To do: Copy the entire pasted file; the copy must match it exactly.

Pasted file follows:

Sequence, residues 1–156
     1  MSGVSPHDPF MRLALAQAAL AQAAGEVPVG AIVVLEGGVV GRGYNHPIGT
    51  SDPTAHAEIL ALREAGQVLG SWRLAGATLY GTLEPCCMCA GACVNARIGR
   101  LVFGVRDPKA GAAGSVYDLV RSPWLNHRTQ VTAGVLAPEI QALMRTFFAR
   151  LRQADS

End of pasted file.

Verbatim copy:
Sequence, residues 1–156
     1  MSGVSPHDPF MRLALAQAAL AQAAGEVPVG AIVVLEGGVV GRGYNHPIGT
    51  SDPTAHAEIL ALREAGQVLG SWRLAGATLY GTLEPCCMCA GACVNARIGR
   101  LVFGVRDPKA GAAGSVYDLV RSPWLNHRTQ VTAGVLAPEI QALMRTFFAR
   151  LRQADS